I'm trying to understand how fines (at the interface of coffee and basket) affect flow rate. I guess what you're saying is that fines don't clog up the basket pore but rather the small tiny open spaces where the coffee grinds touch the basket? In sciencesque terms, the presence of the filter reduces time spent in the rate determining step.

samuellaw178
Team HB

Postby samuellaw178 » Mar 29, 2016, 11:29 pm

doublehelix wrote:Frankly, one good way (need a real lab) to study fines migration is to label (fluorescent/radio-tagging sized particles), then run an extraction. .


Thanks Dave!

I'm back with a bit more info, after a couple of hours spent. :? The good news is we probably don't need to go the fluorescence tagging route to confirm fines migration - unless it is to study the fines migration rate or to see it in real time.

So I pulled two espresso of 15g dose into 25g beverage. One of them is a normal espresso (pulled in 15g VST filter basket) ; the other is a 'filtered' espresso pulled with 2 layers of Aeropress filter in the VST filter basket. The filtered espresso has a slightly finer grind to prevent gusher. The samples were kept in a container for about 1 hour until they were viewed under the microscope. Multiple observations were done (shaked prior to sampling vs allowed to sit for 15-30 min and then sampled).


Here're some pictures to visualize what espresso fluid looks like at micron level (Yeah, these are the stuff that we stomach every day :? ):


Normal Espresso - unfiltered (without Aeropress paper filter):

100x magnification:

The brown grains are coffee grinds/solids
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The reason for two magnifications - low magnification was to have a bigger view field (more representative of the overall sample), and high magnification was to look at the details (more details but less representative)


1000x magnification:
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Note: I had to vary the depth of focus in order to visualize either the emulsion droplets or the particles. In reality, they're probably suspended uniformly throughout the fluid.

Filtered Espresso - 2 layers of Aeropress paper filter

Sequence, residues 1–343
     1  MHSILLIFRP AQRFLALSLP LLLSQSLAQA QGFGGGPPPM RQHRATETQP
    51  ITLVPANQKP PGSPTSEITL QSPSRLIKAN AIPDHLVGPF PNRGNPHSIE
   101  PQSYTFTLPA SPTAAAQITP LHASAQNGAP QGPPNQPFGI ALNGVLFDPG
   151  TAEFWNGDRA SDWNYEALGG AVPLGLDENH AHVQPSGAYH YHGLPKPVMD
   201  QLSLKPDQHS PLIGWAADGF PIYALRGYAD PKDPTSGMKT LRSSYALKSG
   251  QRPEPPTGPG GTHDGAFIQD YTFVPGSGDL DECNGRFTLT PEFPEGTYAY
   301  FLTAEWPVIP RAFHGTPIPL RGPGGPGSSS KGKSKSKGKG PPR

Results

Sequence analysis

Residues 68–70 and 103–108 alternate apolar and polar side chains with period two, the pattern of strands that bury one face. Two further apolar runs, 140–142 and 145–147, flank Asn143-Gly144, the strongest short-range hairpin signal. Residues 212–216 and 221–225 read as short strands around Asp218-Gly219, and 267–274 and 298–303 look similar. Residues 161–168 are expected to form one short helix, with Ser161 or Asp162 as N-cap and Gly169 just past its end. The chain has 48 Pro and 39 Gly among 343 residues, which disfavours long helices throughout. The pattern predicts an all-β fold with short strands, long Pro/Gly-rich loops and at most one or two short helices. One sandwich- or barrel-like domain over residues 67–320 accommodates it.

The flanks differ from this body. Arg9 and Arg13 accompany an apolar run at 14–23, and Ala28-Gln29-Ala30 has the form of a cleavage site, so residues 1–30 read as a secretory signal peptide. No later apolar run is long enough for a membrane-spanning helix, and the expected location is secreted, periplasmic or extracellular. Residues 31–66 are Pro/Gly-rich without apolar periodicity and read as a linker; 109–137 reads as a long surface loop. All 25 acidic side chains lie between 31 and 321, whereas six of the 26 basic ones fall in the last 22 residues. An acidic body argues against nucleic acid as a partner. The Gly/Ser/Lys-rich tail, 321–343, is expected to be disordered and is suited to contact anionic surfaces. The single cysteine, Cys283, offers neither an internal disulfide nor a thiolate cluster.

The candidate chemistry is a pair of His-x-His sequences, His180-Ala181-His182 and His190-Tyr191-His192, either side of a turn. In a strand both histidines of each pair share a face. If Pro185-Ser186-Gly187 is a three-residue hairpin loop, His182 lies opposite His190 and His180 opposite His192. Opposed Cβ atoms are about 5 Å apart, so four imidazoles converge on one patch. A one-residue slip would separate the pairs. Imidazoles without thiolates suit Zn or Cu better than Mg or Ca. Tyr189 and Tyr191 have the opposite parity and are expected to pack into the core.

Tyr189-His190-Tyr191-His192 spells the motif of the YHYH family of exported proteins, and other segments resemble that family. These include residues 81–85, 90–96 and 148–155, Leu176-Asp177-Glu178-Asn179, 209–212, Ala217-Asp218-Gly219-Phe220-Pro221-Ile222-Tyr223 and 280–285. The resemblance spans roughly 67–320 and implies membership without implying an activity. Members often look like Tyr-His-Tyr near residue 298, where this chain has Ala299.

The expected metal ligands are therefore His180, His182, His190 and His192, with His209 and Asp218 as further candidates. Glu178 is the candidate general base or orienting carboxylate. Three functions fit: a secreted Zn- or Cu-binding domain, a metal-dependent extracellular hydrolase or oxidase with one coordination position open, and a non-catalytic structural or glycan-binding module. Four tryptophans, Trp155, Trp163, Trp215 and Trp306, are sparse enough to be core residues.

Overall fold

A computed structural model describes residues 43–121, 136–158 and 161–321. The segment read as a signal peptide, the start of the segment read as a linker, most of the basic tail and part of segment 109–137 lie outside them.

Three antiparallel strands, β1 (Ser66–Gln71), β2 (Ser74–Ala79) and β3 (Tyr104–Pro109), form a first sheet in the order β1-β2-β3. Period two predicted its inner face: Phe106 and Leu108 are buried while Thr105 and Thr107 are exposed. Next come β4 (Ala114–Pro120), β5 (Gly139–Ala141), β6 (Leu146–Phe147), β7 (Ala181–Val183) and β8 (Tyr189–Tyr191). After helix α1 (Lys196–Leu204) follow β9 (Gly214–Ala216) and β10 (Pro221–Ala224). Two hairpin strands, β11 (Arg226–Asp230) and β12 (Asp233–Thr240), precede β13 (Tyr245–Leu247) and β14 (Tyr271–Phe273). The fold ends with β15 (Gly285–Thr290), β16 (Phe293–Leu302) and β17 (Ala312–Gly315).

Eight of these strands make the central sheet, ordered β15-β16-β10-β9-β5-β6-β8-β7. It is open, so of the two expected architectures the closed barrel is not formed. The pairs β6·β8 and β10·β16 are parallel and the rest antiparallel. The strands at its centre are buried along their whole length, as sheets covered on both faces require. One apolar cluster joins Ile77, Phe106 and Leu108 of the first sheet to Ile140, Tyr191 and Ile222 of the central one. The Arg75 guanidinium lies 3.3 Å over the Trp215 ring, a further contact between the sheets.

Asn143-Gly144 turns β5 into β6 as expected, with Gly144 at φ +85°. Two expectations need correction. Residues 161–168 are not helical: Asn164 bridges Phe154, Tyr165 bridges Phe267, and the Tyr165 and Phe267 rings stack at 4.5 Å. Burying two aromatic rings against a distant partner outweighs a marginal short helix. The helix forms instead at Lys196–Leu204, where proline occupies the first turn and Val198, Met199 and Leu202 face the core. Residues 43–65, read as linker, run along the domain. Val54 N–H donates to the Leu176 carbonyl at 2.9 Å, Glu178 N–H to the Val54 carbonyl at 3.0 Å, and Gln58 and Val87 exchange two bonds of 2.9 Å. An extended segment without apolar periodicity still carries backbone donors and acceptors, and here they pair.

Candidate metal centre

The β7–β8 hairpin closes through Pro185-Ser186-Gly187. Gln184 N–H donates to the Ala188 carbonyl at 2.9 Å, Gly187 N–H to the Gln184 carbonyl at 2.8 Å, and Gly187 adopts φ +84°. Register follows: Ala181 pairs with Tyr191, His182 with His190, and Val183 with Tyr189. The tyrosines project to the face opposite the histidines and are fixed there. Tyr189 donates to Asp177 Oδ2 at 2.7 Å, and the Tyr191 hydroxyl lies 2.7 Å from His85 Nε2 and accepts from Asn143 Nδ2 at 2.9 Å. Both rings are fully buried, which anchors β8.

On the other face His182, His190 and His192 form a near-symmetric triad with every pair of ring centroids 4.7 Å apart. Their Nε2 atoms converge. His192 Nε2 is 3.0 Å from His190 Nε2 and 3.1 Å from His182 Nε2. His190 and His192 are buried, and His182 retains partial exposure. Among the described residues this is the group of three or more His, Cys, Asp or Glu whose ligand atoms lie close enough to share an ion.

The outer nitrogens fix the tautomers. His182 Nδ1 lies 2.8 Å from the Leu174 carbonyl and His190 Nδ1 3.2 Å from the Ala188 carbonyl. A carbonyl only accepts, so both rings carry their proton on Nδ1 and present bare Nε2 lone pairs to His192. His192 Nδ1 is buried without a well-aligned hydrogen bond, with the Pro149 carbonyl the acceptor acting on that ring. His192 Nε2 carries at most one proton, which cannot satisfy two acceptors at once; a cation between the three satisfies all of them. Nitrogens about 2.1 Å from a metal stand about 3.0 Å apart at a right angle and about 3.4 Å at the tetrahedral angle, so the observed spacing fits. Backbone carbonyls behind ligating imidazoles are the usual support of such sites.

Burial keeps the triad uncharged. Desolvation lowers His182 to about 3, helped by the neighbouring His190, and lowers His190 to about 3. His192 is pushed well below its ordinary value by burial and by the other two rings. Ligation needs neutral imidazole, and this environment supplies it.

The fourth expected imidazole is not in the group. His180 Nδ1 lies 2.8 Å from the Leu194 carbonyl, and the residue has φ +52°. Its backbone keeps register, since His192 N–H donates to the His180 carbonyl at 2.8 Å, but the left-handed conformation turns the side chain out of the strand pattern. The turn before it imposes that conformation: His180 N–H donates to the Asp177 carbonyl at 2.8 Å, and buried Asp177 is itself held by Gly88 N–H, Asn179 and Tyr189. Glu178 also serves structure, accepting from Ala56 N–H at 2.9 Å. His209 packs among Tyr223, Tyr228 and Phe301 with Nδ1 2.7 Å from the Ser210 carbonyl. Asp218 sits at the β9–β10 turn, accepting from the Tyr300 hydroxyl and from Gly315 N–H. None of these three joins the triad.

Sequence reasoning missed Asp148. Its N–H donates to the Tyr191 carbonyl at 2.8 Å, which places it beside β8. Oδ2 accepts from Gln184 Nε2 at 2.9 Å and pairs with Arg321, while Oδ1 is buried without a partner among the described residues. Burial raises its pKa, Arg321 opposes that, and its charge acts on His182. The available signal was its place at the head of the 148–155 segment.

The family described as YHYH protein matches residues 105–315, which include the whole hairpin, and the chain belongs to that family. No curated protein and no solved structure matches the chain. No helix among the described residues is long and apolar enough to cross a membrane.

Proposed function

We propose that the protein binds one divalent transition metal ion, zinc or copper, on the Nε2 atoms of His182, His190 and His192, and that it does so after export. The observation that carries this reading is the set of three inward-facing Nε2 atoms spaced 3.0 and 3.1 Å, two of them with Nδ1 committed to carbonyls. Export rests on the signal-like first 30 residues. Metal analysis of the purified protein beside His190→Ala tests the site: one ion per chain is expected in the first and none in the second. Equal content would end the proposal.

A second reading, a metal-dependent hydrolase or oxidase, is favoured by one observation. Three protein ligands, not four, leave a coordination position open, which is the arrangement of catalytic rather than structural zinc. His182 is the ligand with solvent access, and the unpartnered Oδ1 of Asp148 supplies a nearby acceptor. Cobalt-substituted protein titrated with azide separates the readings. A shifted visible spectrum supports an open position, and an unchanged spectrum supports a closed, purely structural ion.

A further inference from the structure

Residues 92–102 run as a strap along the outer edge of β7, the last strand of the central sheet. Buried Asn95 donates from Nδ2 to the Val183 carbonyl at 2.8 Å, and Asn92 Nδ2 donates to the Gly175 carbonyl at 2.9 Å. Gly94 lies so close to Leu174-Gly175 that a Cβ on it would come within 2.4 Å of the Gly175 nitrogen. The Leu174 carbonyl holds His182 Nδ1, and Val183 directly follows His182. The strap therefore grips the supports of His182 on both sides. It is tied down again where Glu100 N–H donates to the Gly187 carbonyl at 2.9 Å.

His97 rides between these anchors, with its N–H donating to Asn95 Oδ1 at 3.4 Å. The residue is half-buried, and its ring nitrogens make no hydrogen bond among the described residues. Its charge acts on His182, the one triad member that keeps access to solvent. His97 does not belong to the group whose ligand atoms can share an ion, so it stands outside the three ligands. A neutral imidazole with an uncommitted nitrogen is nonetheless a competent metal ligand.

100x magnification
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1000x magnification
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From my limited observation above, fines migration definitely do occur (in both filtered and non-filtered espresso), and they are one of the major components in espresso. What was more surprising to me was how much oil droplets/emulsion are there in the cup.

Summary
The biggest differences between the filtered & non-filtered espresso are:
i) More emulsion droplets are observed in the filtered samples (I've got more pictures unposted but the trend seems true, at least for these samples) - not sure exactly why but we can always theorize.
ii) There are *slightly* less coffee grinds/solids in the filtered espresso, especially the larger grinds at >30um. Aeropress seems to be quite effective at filtering fines larger than 20-30 micron.

Other observations:
i) By taking the top part and bottom part of the unfiltered espresso, I can observe >30 micron grinds in the bottom part (due to sedimentation), but not in the top parts (suspended grinds are normally <20 micron).
ii) The edges of the coffee particles appear to be more rounded, compared to the initial pictures I've taken in the OP(which has sharp edges). This could be due to swelling in water (ethanol was used previously), or the pressure/flow in espresso has smoothen/eroded the edges of the coffee particles.

Because of the more rounded feature of the particles, I believe, but can't confirm, those micron-grains at 1000x magnification are indeed micro-fines . They could potentially be emulsion droplets (but unlikely).


Also, to confirm what I am seeing are actually real, I tried syringe filter with 0.22um(I believe that's what VST uses) and 0.45um membrane filter. I couldn't see anything under the microscope at all for both filters (except for some noises). No grains, no emulsion, nothing. The VST refractometer measures only the dissolved solids, but gives no information about the particulates/emulsion - nothing new but it's good to visualize the difference directly.

Syringe-filtered espresso - 0.22um filter

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I guess what would be real interesting to do next, is to visualize the shots from an EK43 grinder and a flat burrs grinder.

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doublehelix

Postby doublehelix » Mar 30, 2016, 11:37 am

samuellaw178 wrote:Thanks Dave!

I'm back with a bit more info, after a couple of hours spent. :? The good news is we probably don't need to go the fluorescence tagging route to confirm fines migration - unless it is to study the fines migration rate or to see it in real time.

So I pulled two espresso of 15g dose into 25g beverage. One of them is a normal espresso (pulled in 15g VST filter basket) ; the other is a 'filtered' espresso pulled with 2 layers of Aeropress filter in the VST filter basket. The filtered espresso has a slightly finer grind to prevent gusher. The samples were kept in a container for about 1 hour until they were viewed under the microscope. Multiple observations were done (shaked prior to sampling vs allowed to sit for 15-30 min and then sampled).





I guess what would be real interesting to do next, is to visualize the shots from an EK43 grinder and a flat burrs grinder.



Wow! Those are really neat pictures! In terms of fines migration--I think you've shown fines in the extraction (cup), but their origin is not clear. These could be fines that locally migrated from the first few millimeters above the basket/puck interface....?
Fascinating observations regrading coffee vesicles (emulsion).....in fact, extrusion through filters is a common method for preparing vesicles.

FWIW- here's a thread I started some months ago when I started exploring the filter/basket interface: AeroPress meets espresso machine